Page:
Senior Rastafarian Leader Says No To Repealing Jamacia’s Buggery Law
“I would have to stand with those who oppose homosexuality because that is not our way,” the Rastafarian leader said. “From a moral and traditional African point of view, homosexuality is not acceptable,” he contended. “Regardless of which church or group is leading the opposition to the changing of the buggery law, we are ready to stand up with them and say a resounding ‘No way’,” said Ras Iyah V. “Homosexuality is unnatural and must not be encouraged,” he stressed.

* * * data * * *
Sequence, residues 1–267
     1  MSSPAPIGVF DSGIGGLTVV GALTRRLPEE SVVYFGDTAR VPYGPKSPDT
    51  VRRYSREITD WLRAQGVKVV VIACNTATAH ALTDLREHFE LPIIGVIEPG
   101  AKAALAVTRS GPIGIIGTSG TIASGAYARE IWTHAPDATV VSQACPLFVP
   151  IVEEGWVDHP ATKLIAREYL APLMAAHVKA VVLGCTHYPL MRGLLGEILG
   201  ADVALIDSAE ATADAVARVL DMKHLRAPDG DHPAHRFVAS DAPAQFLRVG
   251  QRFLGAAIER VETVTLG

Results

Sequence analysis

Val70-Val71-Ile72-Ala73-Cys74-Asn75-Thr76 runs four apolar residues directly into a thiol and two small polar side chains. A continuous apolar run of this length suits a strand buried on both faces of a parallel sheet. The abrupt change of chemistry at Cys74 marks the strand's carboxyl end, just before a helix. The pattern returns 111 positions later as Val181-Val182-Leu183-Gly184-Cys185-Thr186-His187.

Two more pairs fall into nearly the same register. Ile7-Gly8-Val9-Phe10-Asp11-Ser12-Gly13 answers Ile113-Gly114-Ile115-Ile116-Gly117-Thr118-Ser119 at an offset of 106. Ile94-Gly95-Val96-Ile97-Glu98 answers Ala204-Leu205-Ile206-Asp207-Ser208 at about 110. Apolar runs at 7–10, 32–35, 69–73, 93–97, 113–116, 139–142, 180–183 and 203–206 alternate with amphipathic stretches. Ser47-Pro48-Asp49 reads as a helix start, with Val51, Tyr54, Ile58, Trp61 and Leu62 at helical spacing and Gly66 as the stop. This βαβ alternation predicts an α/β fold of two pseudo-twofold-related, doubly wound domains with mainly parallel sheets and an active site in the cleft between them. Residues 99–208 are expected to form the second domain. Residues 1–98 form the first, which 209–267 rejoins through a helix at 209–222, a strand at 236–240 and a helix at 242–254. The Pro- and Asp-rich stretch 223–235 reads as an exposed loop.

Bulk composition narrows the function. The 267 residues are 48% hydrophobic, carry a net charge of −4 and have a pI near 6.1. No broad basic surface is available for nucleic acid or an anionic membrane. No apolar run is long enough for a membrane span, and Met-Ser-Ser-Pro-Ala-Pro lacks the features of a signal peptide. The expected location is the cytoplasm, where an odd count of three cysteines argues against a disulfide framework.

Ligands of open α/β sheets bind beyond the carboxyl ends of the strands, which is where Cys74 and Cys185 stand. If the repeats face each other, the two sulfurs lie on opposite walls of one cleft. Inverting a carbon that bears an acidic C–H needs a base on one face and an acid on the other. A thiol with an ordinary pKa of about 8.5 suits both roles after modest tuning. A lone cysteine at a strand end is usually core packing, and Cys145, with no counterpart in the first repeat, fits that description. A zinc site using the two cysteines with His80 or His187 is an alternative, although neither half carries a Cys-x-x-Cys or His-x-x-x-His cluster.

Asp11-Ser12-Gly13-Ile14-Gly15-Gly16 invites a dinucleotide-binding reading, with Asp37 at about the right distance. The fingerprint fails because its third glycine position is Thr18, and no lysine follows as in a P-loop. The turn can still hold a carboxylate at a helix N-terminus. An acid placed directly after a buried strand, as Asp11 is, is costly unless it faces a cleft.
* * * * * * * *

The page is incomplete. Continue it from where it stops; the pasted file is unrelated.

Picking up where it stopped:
The Rastafarian movement, which was listed in the last census as being 29,026 members strong, is among the religious groups expected to join the effort to have the buggery law remain in place.
Prime Minister Portia Simpson has pledged that “no one should be discriminated against because of their sexual orientation”
LGBT rights campaigner Maurice Tomlinson filed a case in Jamaica’s inter-American commission for human rights in February 2012, after fleeing the country following death threats originated when news about his marriage with another man in Canada reached the local media.
In Jamaica sexual acts between men are punishable with up to ten years jail